January Is One Of The Most Notorious Months For Layoffs. Here’s How To Get Through It.

There’s a reason why companies do lots of layoffs right now.

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January marks the start of a new year and many fresh beginnings –– but it also kickstarts a grim month of layoffs.

In the first week of January alone, Amazon, Vimeo, Salesforce and clothing retailer Everlane disclosed plans for mass layoffs. In a letter to employees, Salesforce CEO Marc Benioff said the company is cutting 10% of its workforce, explaining it had “hired too many people leading into this economic downturn we’re now facing.”

Over the last 10 years, January has been on average one of the most common months for layoffs, according to Bureau of Labor Statistics data. The reason is largely calendar-driven, experts say.

“We often see quite a bit of layoffs in January,” said Sarah Rodehorst, co-founder of Onwards HR, a company that helps businesses conduct layoffs. “As they analyze their data from the last year, what budgets they have going forward, they really are planning strategies for the year, so there’s often a lot of restructures, reorganizations.”

Rodehorst said she is seeing an uptick in layoffs for the tech, health care, retail, banking and insurance industries in the new year. If a company in those fields hasn’t made an announcement, she said, “chances are there is some planning happening.”

Another reason could be that many bonuses are typically awarded in January, too.

“That’s a time when you also give bonuses, and so if you are trying to be mindful and not particularly ethical about who gets those and how much they get, some companies may try to take advantage of this” and lay off eligible employees instead of giving them their bonus, said Sandra Sucher, a professor of management at Harvard Business School who has researched layoffs.

If you’re worried about losing your job this month, that can send you into a spiral of panic and deep anxiety. Take a deep breath and plan accordingly. Here’s how to deal if you know or suspect a layoff is coming:

Recognize first that these intense feelings are totally normal. Losing a job is among the most psychologically stressful things we ever go through. One study asked 112 professionals to do a retrospective checklist of their most stressful life events, and losing a job as head of the household ranked above divorce, hospitalization due to illness or injury and the death of a close friend.

One thing that can help alleviate the anxiety? Focusing on what you can control instead of worrying about whether you will be laid off on some uncertain date.

The decision to lay you off may have already been made weeks ago, so Gregory Tall, a workshop facilitator who coaches managers, does not recommend “working your tail off” in an attempt to be spared.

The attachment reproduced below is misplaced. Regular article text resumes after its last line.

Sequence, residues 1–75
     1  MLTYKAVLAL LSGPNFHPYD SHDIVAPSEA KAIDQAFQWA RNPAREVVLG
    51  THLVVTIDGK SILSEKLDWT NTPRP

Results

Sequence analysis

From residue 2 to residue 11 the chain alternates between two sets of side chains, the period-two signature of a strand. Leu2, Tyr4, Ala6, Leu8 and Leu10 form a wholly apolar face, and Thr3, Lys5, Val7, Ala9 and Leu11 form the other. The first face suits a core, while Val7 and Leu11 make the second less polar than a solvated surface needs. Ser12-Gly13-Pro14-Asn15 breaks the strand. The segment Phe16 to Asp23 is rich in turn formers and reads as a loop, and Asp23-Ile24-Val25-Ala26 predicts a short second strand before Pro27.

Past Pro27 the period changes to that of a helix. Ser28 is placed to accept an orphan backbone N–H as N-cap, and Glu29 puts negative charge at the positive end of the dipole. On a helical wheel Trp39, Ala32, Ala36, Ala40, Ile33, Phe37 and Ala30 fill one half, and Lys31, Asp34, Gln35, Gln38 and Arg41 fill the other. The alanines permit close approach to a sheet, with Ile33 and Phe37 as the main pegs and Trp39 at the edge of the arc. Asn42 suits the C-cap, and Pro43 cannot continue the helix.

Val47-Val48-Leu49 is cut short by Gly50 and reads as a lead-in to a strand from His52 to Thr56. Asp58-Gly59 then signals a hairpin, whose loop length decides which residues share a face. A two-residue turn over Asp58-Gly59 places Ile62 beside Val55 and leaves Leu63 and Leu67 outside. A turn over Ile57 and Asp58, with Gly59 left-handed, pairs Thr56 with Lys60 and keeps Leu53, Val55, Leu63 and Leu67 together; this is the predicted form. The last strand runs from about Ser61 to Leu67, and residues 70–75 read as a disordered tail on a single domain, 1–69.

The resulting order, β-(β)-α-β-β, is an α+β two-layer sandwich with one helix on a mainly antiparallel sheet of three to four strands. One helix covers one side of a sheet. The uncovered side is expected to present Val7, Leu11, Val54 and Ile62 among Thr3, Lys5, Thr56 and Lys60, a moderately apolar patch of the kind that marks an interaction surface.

If you have heard rumors about layoffs coming, Tall instead advises assuming that you will be laid off and planning for that future. “It’s easier to cease all preparations than to begin all preparations if you don’t,” he pointed out.

Calculate your finances and document what you want to save now. This is the time to calculate and save for your emergency fund. Tall said to ask yourself, “Am I immediately in trouble? Because if so, I need to think right now about how to generate income.”

Rodehorst recommended making any doctor’s visits that you need to do now, while you are still on your company’s health insurance.

And while you have a job, save client testimonials and past performance evaluations that will aid you in a future job hunt. If you believe you may lose your job for discriminatory reasons, legal experts advise documenting everything now so that if you are suddenly let go, you can be prepared to take your evidence to a lawyer.

Reflect on what you’re good at and what you want to be good at. Losing a job can also be a time to reset and do a career pivot. If you do not know what you want to do next, Sucher recommended take a week or two to note which company stories interest you, what industries they are in, and what it is about them that interested you.

And if you have trusted colleagues, try asking them about your strengths. When she was contemplating a career move from Fidelity Investments to the faculty at Harvard Business School, Sucher said she asked trusted co-workers, “What was I good at?” to get insights that were helpful and sometimes surprising.

This exercise can also be a much-needed boost to your confidence.

“If you do get laid off, that is an assault to your ego,” Sucher said, noting that questions of “Why was I chosen when they weren’t?” are painful, regardless of how quickly you find your next job. “The people who do best at recovering from layoffs are people –– and this is demonstrated from research — who have a positive mindset and they don’t blame themselves for the fact that they got laid off.“

See it as an opportunity to job-hunt. Although January is a month with heavy layoffs, it’s also a month where you are more likely to get a new job, too. Rodehorst said it’s the month where companies make the most new hires.

“A company that may be having layoffs may also be hiring in other areas,” she said, adding later that, “It’s the month with the highest level of change. The hiring and firing side, just as companies look to restructure their organization and plan for the future.”

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